Skip to main content

ORIGINAL RESEARCH article

Front. Educ., 28 October 2022
Sec. Higher Education
Volume 7 - 2022 | https://doi.org/10.3389/feduc.2022.982394

Badger vs. beaver patterns in Romanian student life during the pandemic. A two-wave longitudinal approach

  • 1Department of Sociology, West University of Timişoara, Timişoara, Romania
  • 2Department of Teacher Training, West University of Timişoara, Timişoara, Romania

We have already experienced almost two years of COVID-19 pandemic related problems, stress and negative feelings. All over the world, various restrictions have been imposed to reduce the spread of the virus. A particular social category directly affected by the COVID-19 restrictions is that of students. In Romania, classes have been held online from March 2020 until April 2022 for a large part of the higher education system. How have students been affected by these semesters of online classes? This paper sets out to answer this research question on the basis of two sociological surveys, applied online in May 2020 (N = 518) and in May 2021 (N = 206). Its main finding is that there are two different patterns students employ in order to cope with the limitations imposed by the pandemic restrictions: the badger approach, in which they take refuge in leisure activities, and the beaver approach, involving more dynamic and sustainable behaviors.

Introduction

The online teaching methods made necessary by pandemic restrictions represent a challenge for educational systems all over the world. According to UNESCO figures, after the first two months of the pandemic crisis (April 2020) the educational institutions of 186 countries were closed, affecting 74% of all enrolled learners (Di Pietro et al., 2020). Pupils, students, teachers, administrative staff, and parents had to swiftly improve their digital literacy in order to achieve the level of technology needed to keep the whole system alive (Ali, 2020; Marek et al., 2021). This was complicated for all involved, but to a considerable extent it is working. We are currently about to begin our fourth semester in this pandemic context, and it is time to draw some conclusions and lessons from experience to date regarding online and hybrid teaching.

During this period of over 18 months of pandemic restrictions numerous articles and research studies have appeared on a variety of topics related to online classes and student lifestyles. This is an ongoing phenomenon and our understanding of it needs to keep pace with it. For sociologists, despite all the negative consequences of the pandemic, it represents a valuable opportunity to observe and analyze a natural social experiment. A simple Google Scholar search for “the impact of COVID-19 in education” returns 950 million results (in September 2022), showing that we already have an enormous amount of data and recommendations on this topic that can be of use to any educator anywhere in the world. At a first glance, we can distinguish three main topics in this thematic area: (i) students’ health issues, (ii) didactic processes and (iii) students’ lifestyles (Burgess and Sievertsen, 2020; Di Pietro et al., 2020). Of course, these are interrelated, with all the aspects investigated having been generated by the same COVID-19 pandemic context. Many of these articles are based on a range of quantitative or qualitative filed research, others on metanalyses or simply on theoretical interpretations, but all of them represent valuable contributions to the subject of higher education in the pandemic context and have appeared during this specific period (Araújo et al., 2020; Bran and Grosseck, 2020; Gonçalves et al., 2020; Mishra et al., 2020; Cairns et al., 2021; Khan et al., 2021; Stevanovic et al., 2021).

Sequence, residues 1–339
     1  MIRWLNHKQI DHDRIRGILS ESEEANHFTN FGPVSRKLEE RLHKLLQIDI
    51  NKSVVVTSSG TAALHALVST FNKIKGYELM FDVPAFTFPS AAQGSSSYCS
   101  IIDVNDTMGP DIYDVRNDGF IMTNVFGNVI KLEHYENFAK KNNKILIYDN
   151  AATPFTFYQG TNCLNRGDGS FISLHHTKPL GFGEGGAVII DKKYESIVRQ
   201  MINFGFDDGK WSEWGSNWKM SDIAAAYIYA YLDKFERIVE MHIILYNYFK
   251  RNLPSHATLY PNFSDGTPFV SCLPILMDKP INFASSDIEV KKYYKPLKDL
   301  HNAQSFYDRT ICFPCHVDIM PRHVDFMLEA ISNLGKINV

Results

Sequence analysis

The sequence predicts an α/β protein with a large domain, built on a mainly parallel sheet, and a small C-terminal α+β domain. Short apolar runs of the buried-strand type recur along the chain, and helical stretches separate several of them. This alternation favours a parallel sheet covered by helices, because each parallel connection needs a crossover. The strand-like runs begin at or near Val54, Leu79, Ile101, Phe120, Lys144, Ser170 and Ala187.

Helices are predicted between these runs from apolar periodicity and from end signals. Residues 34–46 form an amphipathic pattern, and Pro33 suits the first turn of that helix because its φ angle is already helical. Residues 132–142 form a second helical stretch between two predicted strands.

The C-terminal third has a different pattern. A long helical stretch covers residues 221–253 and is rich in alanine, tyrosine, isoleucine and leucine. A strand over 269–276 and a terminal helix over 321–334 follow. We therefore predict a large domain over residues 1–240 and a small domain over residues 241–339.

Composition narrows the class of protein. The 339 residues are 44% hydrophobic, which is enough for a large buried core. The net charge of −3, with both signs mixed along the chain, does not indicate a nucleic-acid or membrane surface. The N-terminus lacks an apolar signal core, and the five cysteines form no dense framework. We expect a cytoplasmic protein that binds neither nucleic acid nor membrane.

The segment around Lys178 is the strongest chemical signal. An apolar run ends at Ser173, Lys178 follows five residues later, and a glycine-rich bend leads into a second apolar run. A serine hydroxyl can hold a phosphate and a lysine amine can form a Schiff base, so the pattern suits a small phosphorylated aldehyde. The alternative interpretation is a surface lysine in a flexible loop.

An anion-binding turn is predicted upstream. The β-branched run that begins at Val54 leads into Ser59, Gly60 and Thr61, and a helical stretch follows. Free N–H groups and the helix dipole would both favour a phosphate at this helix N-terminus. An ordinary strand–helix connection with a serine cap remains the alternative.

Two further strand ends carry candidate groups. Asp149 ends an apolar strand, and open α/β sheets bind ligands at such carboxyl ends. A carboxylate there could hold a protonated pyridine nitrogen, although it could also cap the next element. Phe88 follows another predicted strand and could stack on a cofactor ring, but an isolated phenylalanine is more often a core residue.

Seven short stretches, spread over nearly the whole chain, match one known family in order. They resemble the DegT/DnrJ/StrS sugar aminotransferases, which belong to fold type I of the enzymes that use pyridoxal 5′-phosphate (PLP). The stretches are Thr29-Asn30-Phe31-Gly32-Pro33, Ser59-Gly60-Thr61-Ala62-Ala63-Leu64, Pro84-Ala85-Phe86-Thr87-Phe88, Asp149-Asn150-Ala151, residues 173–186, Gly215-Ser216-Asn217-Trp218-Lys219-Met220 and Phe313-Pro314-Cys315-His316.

Many of these studies are chiefly concerned with students’ psychological well-being. In the pandemic context, with numerous sources of stress and worry, mental equilibrium has been seriously affected, even in the case of people who are young and strong (Machado et al., 2020; Son et al., 2020; Teixeira et al., 2021). COVID-19 stress is closely related to meaning in life and to life satisfaction, and both of these factors are directly influenced by basic hope, the assumption of a positive social context, illustrated by altruism and pro-social behaviors (Trzebiński et al., 2020). Mental health is also directly related to social networks, and the physical isolation caused by COVID-19 restrictions has generated significantly increased stress, anxiety, loneliness and depressive symptoms (Elmer et al., 2020; Yang et al., 2021). It is clear that the virtual social network is not enough to satisfy human needs, and that direct interaction in person with real people from one’s personal network has taken on an increased support function during this crisis. Excessive time (over eight hours a day) spent in front of electronic screens, and low levels of outdoor activities (below two hours a day), are both directly associated with a high level of psychological impact of the COVID-19 effect on students (Browning et al., 2021). Although some optimistic researchers have endeavored to promote the advantages of an appropriate utilization of social media for “the new era of social learning” (Sobaih et al., 2020) or to find a “panacea for the crisis” (Dhawan, 2020), we need to distinguish between communication as exchange of content (which has been ultra-concentrated in this period) and communication as a means of interaction with alter (which has been ultra-limited). And along with the impact on the student population, the phenomenon of COVID-19 stress is also a present reality for teaching staff, who have had to deal with the risks brought by the pandemic, with the shift to online teaching, and with all their other personal concerns (Obrad, 2020).